By Steve Chapman
The state of Florida is not ridiculously selective when it comes to letting people adopt children — and with some 4,200 kids in need of adoption, it can’t afford to be.
It allows single adults to adopt. It accepts people with serious illnesses and disabilities. It leaves the door open to drug addicts. It is even willing to consider people who are known to have neglected, abandoned or abused children.
It doesn’t accept homosexuals.
That’s the law in Florida, the only state that singles out gays and lesbians in this way. And apparently it’s going to remain the law. Last week, the U.S. Supreme Court refused to hear a constitutional challenge to the ban on gay adoptions, which has the effect of upholding the policy. This decision also prevents a 13-year-old boy from securing a permanent home with the two men who have been his foster parents since he was an infant.
At birth, the boy had cocaine and marijuana in his system and tested positive for HIV (though he no longer does). He was taken in by Steven Lofton, a registered pediatric nurse whose two other foster children have AIDS, and his partner, Roger Croteau. Lofton has taken care of the kids full-time for the past decade, efforts that earned him an Outstanding Foster Parenting award from the Children’s Home Society. He also has been a foster parent to five other kids with HIV or AIDS.
But his exceptional devotion doesn’t impress the state of Florida. When Lofton applied to adopt the boy 10 years ago, the Department of Children and Families, which had previously said he was perfectly suitable to serve as a foster parent, was not allowed to consider him as an adoptive parent.
Normally, the state assesses applicants individually, on the crazy assumption that it should focus on what’s best for the child. But when the prospective parent is gay, the interests of the child go out the window. Despite everything Lofton has done for the boy, the state is trying to place him in another home.
This approach is not the preference of the people charged with looking after the needs of kids. When the state’s chief adoption official was asked under oath if there is any “child-welfare reason at all for excluding gay people from adopting children,” she answered: “No.”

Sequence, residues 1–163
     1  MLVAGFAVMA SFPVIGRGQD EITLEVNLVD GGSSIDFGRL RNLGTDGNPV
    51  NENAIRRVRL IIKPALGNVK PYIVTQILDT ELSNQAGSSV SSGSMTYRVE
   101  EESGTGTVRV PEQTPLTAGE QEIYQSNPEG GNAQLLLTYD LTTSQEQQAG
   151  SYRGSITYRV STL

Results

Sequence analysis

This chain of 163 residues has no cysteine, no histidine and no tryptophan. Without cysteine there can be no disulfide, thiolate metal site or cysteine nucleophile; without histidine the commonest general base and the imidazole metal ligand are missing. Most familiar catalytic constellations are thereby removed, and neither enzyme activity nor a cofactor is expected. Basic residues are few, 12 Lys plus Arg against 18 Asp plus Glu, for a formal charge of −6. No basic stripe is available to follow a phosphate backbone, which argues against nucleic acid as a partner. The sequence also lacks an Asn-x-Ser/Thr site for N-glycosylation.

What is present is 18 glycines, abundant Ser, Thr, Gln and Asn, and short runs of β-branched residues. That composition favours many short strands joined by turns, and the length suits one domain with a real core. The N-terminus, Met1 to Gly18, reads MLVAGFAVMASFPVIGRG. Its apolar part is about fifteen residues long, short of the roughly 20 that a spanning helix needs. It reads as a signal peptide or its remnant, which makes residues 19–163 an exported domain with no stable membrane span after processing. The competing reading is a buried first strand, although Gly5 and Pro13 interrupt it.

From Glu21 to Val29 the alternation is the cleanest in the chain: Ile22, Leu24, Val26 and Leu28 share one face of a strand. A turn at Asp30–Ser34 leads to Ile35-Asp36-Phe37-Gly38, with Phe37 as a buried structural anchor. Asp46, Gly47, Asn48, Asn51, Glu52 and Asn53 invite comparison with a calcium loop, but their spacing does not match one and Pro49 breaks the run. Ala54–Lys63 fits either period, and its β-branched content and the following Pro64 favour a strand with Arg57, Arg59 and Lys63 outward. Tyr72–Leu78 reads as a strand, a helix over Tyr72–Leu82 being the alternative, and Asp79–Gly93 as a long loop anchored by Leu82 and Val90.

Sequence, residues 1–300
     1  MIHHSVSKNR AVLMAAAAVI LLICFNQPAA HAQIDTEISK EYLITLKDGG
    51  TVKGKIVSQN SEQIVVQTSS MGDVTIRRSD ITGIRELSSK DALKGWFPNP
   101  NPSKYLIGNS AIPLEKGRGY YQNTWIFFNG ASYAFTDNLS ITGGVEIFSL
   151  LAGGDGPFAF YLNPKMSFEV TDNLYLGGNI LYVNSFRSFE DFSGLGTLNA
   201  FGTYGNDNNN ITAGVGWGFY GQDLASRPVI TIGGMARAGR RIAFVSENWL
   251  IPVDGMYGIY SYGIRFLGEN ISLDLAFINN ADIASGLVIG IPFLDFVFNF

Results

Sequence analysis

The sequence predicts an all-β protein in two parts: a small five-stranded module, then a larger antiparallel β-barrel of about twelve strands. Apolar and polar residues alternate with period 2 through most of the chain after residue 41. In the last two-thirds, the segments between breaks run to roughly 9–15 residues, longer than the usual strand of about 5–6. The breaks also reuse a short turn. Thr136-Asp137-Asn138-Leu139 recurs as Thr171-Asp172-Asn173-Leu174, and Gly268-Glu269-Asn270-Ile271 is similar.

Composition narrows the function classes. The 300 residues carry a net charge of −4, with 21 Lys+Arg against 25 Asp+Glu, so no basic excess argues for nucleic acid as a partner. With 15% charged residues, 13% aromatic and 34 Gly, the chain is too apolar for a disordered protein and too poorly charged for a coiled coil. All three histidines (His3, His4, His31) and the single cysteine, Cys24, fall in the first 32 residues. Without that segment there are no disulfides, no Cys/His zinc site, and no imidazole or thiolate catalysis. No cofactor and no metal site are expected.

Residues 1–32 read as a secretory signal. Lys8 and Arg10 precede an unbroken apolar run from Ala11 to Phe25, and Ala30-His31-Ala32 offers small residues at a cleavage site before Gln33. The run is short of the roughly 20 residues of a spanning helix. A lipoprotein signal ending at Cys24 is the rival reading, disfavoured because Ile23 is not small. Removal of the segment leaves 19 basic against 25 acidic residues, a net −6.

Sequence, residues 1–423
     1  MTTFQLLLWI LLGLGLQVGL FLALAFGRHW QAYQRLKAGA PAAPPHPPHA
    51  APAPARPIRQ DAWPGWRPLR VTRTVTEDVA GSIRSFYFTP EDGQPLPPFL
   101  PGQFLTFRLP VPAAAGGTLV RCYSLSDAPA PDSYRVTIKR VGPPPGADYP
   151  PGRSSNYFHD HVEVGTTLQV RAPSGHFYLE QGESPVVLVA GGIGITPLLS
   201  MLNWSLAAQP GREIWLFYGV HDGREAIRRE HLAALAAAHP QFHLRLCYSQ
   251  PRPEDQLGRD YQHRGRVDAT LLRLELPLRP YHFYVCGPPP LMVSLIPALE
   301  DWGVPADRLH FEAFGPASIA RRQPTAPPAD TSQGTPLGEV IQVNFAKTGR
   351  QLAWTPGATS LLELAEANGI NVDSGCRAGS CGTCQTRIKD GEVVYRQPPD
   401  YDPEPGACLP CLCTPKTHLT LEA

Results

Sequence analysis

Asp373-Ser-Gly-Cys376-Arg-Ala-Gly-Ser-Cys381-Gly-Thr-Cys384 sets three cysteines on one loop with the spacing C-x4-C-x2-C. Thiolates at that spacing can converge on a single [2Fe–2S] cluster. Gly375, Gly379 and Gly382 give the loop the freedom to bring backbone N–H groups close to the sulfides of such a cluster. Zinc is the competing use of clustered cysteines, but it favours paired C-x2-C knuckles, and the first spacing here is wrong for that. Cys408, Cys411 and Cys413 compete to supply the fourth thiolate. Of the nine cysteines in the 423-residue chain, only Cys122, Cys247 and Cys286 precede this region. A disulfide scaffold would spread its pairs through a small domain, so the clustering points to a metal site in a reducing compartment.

The original impulse, it turns out, was not to protect children but to penalize gays. The measure, passed in 1977, was an offshoot of singer Anita Bryant’s successful campaign to repeal a Dade County ordinance banning discrimination against homosexuals. The bill’s chief sponsor explained it as a valiant effort to open lines of communication with gays: “We’re trying to send them a message, telling them: ‘We’re really tired of you. We wish you’d go back into the closet.'”
The state now insists it has perfectly pure motives for the ban. It says a child’s interest is best served in a stable home that includes a married mother and father. This kind of family, it argues, gives a child good gender role models and spares her from “social stigmatization” about her parents.
If the state really wanted to avoid such stigmatization, it might stop treating such parents as if they are a menace and a disgrace. Expressing moral disapproval of homosexuality, after all, is one of the reasons Florida gives for the ban.
As for gender role models, it’s not clear how important they are in a child’s development. Almost all gays grow up with heterosexual parents and nonetheless adopt a different “gender role.” Sexual orientation aside, Steven Lofton looks like a pretty decent role model. If Florida thinks gender role modeling is so critical, why does it let children spend years living with gay foster parents like him?
The state’s supposed preference for married couples is not exactly fanatical. The law specifically allows unmarried adults to adopt, and some 25 percent of state-approved adoptions are by singles.
At any rate, the choice for many adoptable children in Florida is not between a homosexual couple and the ideal heterosexual household, but between being adopted by homosexuals and not being adopted at all. This policy is one reason so many Florida youngsters are growing up without a permanent home.
But the state’s official position is that children languishing in foster care are better off with no parents than gay parents. That’s not just unconvincing but incomprehensible.
Steve Chapman writes for Creators Syndicate. Contact him at: firstname.lastname@example.org